sentative Wilson of West Virginia.
and that It would be opposed by Bland
of Missouri. The debate, was opened by
Thos. B. Reed of Maine. After sketc"
ing briefly the financial condition of
the country, and deckuincr that he had
no desire to deal with the situation
from a political standpoint, he said
"The undlscovenible uncertainty of the
future both of the currency questions
and the ouestion of protection ana
vevoiuie tariff are the principal causes
of the present condition of affairs
He considered the Sherman act and the
accumulation of silver as the earliest
indication of the approaching disaster,
rather than the chief cause. He was
enly sorry that the question could not
be settled within the bounds of the
'democratic party itself.. The pathway
of duty was unconditional repeal. If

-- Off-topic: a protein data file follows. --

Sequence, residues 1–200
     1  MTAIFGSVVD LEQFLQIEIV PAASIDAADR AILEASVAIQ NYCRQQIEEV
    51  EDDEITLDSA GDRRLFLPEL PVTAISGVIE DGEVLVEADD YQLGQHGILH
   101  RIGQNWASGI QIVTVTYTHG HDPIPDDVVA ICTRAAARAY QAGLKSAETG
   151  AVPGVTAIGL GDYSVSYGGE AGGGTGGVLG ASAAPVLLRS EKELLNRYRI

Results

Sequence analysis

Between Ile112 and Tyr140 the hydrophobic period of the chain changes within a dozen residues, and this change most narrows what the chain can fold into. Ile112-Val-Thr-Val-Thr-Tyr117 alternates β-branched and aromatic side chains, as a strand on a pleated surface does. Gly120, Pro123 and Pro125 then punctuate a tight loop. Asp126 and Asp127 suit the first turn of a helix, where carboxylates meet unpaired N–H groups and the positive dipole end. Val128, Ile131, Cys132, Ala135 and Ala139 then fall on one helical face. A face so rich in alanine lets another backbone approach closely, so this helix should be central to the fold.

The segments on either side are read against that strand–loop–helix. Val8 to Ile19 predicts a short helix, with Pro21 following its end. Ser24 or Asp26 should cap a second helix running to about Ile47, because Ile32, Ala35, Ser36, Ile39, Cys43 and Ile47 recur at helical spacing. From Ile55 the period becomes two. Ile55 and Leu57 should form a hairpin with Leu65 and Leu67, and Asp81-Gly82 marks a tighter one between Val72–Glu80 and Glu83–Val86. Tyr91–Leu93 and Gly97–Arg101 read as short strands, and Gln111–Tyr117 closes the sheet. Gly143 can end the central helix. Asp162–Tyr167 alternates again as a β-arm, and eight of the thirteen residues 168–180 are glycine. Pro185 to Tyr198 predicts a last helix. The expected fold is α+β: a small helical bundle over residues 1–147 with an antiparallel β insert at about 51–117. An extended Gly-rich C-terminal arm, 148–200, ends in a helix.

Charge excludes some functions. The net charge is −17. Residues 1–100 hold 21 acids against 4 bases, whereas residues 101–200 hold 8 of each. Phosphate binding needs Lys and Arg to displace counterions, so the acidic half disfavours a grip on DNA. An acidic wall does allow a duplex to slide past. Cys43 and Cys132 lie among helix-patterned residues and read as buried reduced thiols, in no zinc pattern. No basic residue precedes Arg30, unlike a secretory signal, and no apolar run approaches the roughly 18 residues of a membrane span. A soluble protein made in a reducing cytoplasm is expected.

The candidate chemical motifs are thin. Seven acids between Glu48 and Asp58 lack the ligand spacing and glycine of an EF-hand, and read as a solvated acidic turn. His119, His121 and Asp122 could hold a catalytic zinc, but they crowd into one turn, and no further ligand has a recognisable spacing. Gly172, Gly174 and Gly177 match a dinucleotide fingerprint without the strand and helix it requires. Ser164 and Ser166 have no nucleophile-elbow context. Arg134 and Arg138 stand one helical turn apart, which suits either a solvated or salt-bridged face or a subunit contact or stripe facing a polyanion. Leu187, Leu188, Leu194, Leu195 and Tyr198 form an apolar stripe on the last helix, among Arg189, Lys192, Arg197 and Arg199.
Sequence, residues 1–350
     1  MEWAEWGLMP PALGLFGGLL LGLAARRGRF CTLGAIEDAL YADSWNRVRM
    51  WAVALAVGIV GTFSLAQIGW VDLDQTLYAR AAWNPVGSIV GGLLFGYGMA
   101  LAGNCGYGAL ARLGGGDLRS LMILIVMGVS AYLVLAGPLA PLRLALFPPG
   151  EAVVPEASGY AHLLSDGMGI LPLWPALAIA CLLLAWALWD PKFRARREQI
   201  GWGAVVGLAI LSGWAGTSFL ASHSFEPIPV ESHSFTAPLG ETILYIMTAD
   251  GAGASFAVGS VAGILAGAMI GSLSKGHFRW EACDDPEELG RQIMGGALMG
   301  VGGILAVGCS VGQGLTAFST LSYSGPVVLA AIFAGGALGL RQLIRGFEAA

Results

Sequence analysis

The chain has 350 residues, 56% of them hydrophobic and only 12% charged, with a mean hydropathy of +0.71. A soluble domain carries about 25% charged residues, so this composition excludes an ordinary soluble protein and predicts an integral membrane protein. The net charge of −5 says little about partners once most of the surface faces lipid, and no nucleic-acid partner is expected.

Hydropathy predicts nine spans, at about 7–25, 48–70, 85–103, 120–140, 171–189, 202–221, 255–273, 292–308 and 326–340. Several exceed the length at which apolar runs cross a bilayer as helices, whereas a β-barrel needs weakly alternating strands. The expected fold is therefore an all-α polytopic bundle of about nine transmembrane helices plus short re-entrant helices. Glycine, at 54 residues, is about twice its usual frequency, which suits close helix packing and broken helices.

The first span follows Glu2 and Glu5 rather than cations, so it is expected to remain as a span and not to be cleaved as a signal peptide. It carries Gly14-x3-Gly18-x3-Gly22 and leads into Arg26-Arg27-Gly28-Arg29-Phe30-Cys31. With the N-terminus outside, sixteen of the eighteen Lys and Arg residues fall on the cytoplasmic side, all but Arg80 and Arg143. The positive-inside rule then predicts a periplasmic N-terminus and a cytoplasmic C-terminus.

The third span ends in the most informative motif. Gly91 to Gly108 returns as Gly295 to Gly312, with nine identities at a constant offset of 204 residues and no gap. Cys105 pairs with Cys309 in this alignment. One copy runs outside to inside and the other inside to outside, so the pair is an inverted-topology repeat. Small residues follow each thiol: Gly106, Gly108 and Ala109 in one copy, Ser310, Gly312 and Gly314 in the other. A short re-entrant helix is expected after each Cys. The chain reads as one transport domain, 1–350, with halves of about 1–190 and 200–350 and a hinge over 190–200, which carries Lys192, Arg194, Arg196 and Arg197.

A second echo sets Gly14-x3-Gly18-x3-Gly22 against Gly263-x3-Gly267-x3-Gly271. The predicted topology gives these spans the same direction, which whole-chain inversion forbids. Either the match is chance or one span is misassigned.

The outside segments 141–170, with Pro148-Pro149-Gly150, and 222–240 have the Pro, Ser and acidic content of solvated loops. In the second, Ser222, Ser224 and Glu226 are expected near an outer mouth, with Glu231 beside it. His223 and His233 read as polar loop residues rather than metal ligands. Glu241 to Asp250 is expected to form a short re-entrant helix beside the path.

that did not give relief, we must try
something else and the sooner the bet
ter. The republicans found themselves
In a peculiar position. The newly cho
sen democratlo president found himself
powerless in his first great recommend
ation to his own party, and forced to
appeal to the patriotism of another
party, whose patriotism had never
been appealed to In vain."
Cochran of New York, was the next
speaker. He said that the democratic
platform did not declare for the free
coinage of silver. The proposed debase
ment of coin would reduce the debits
45 per cent. The silver men assumed
that the loss would fall on the banks
but the fact was that the banks and
corporations were debtors of the coun
try and the loss would fall on thework
Ingmcn. He closed with an eloquent
appeal for equity and Justice as a bus
Is of a governmental policy, awaking! a
wairlwind of applause,, and cries of
"vote." The speaker was overwhelmed
with congratulations. The excitement
on the floor was so great that the
speaker had to call on the officers of
the house to restore order. Bland then
began the closing, argument on behalf
of the sliver men.
Wilson, of West Virginia, the author
of the bill, closed the debate In the